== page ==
Hair loss in men, or androgenetic alopecia, is the most common type of hair loss in men.
Hair loss affects about half of men over 50 and about 50 million men in the United States.
DHT has also been associated with hair loss in women, but this article will focus on male pattern baldness.
What is DHT?
DHT has several roles. In addition to hair production, it is linked to benign prostatic hypertrophy or enlarged prostate and prostate cancer.
DHT is a sex steroid, which means it is produced in the gonads. It is also an androgen hormone.
Androgens are responsible for the biological characteristics of men, including a deeper voice, hair and increased muscle mass. During fetal development, DHT plays a vital role in penile and prostate development.
In men, the 5-alpha reductase (5-AR) enzyme converts testosterone into DHT in the testes and prostate. Up to 10% of testosterone is normally converted to DHT.
DHT is more powerful than testosterone. It adheres to the same testosterone sites, but more easily. Once there, it stays attached longer.
Growth and loss of hair.
Hair loss in men is the most common type of hair loss in men. The hairs of the temples and the hood slowly thin and eventually disappear.
The exact reason for this is unknown, but it is believed that genetic, hormonal and environmental factors play an important role. DHT is considered an important factor.
Three phases of hair growth
To understand hair loss in men, we must understand hair growth.
Hair growth is divided into three phases: anagen, catagen and telogen:
Anagen is the growth phase. The hair remains in this phase from 2 to 6 years. More hair is hard. Normally, about 80-85% of the hair in the head is in this phase.
Catagen lasts only 2 weeks. It allows the hair follicle to renew itself.
Telogen this is the last of the three.
Hair loss occurs in men when the follicles are slowly miniaturized, the anagen phase is reduced and the telogen phase lengthens.
The shorter growth phase means that the hair cannot grow as before.
Over time, the anagen phase becomes so short that the new hair does not shine even through the surface of the skin. The growth of telogen hair is less anchored in the scalp, which facilitates the fall.
As the follicles become smaller, the hair shaft becomes finer at each growth cycle. Finally, the hairs are reduced in hair, the kind of soft and clear hairs that cover a child and disappear especially during puberty in response to androgens.
Users of anabolic steroids, including bodybuilders, have higher levels of DHT. However, they often suffer from hair loss.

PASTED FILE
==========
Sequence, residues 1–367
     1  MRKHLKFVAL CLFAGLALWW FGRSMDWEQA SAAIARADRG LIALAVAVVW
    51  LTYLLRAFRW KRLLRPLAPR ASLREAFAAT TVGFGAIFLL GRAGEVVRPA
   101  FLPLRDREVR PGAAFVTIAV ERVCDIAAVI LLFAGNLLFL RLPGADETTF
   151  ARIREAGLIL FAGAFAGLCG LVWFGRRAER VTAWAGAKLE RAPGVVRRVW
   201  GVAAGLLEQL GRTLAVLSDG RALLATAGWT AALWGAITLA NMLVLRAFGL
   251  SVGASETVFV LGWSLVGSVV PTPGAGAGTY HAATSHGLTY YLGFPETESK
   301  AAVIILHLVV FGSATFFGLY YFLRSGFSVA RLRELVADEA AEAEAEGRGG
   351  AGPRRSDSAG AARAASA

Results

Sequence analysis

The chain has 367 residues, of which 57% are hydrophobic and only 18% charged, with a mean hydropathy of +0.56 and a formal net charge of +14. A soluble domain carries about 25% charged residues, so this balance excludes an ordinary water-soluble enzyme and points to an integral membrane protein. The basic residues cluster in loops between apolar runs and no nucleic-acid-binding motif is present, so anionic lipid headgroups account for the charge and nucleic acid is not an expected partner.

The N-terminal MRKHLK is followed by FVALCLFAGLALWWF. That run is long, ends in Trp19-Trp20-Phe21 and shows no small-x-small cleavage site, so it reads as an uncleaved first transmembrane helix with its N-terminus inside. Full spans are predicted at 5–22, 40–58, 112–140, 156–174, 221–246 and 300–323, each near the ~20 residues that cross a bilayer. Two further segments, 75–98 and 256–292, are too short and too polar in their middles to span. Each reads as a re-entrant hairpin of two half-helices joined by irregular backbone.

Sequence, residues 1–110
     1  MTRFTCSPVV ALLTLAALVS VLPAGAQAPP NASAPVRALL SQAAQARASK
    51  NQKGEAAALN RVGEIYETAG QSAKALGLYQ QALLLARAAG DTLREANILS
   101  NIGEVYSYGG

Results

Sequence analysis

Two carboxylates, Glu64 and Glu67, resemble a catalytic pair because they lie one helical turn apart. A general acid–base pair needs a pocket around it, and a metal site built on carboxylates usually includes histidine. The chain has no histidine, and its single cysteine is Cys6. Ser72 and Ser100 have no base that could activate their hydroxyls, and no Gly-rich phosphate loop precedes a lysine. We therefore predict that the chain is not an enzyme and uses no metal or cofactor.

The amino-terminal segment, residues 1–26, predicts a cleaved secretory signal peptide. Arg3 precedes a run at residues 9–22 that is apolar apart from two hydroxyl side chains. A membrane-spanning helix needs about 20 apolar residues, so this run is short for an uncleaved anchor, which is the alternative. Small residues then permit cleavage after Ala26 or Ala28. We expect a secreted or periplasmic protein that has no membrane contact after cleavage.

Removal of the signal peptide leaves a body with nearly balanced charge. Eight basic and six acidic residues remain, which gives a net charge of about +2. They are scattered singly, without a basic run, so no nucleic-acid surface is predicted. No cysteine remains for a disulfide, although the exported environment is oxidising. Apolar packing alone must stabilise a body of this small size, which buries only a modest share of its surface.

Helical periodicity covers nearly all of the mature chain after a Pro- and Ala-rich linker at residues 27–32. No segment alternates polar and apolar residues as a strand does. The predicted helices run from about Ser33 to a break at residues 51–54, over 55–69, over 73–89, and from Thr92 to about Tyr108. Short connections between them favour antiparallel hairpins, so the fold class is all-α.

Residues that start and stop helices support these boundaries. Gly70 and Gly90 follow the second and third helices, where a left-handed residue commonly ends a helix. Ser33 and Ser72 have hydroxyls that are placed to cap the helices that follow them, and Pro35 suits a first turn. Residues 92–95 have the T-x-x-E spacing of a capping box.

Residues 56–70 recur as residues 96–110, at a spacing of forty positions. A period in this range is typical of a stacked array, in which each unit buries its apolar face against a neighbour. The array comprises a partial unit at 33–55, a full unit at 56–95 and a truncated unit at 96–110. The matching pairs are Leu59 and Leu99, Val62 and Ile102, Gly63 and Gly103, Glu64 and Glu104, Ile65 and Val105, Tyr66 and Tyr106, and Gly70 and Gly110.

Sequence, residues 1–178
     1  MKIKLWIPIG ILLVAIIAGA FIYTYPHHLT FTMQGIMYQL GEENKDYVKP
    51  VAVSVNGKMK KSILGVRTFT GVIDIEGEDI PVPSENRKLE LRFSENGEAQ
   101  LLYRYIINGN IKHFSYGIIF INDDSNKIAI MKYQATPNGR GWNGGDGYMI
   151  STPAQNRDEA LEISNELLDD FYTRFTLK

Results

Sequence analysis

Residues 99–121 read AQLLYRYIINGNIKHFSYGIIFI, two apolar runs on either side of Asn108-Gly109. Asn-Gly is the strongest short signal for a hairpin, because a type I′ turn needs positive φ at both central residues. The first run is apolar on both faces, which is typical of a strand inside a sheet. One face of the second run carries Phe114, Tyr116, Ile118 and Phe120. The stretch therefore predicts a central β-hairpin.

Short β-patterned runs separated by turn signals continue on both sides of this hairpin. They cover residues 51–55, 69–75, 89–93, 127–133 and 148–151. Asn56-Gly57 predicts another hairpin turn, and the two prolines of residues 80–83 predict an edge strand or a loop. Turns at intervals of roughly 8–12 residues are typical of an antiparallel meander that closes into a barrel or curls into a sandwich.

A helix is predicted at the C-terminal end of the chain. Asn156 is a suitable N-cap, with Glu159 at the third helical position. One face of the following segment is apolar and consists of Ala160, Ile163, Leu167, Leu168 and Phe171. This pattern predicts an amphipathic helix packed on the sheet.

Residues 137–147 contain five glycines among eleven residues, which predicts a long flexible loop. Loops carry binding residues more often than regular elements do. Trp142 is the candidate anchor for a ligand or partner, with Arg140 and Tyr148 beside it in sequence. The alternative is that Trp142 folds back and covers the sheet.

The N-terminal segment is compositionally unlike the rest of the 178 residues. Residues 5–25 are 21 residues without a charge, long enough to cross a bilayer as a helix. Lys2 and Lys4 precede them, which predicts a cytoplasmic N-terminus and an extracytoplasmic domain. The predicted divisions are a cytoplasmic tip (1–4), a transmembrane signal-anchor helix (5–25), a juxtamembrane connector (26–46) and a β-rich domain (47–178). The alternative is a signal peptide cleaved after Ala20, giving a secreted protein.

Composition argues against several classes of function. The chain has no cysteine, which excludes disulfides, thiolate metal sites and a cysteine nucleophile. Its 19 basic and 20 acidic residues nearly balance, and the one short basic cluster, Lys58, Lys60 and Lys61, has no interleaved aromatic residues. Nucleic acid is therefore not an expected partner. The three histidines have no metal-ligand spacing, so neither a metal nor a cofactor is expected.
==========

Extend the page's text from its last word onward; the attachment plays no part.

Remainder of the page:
Hair on the head grows without DHT, but underarm hair, pubic hair and beard hair can not grow without androgen.
People who have been neutered or with a 5-AR deficiency have no experience of male pattern baldness, but they also have very few hairs on other parts of the body.
For reasons that are not well understood, DHT is essential for the growth of most hair, but compromises hair growth on the head.
It is believed that DHT adheres to androgen receptors in hair follicles. With an unknown mechanism, it seems to activate the receivers to start miniaturization.
In 1998, researchers found that the selected follicles and the skin of a bald scalp contained higher levels of androgen receptors than those of a scalp without baldness.
Some scientists believe that some people have a genetically transmissible sensitivity to normal levels of circulating androgens, particularly DHT. This combination of hormonal and genetic factors could explain why some people are more likely than others to lose their hair.
Other causes of hair loss
Another theory proposed to explain hair loss in men is that with age, follicles are subjected to increasing pressure on the scalp.
In younger people, the follicles are moistened by the surrounding adipose tissue located under the skin. Young skin is also better to stay hydrated. As the skin becomes dehydrated, the scalp compresses the follicles and makes them smaller.
Testosterone also contributes to the reduction of adipose tissue. As a result, higher testosterone levels can further reduce the scalp’s ability to cradle the hair follicles.
Some scientists suggest that when the follicles try to maintain their condition, the extra enzymatic activity occurs at the site. More testosterone is converted into DHT, resulting in more erosion and more hair loss.
A more in-depth study of DHT and hair loss in men may one day allow scientists to decipher the male pattern of baldness. For now, it’s a waiting game.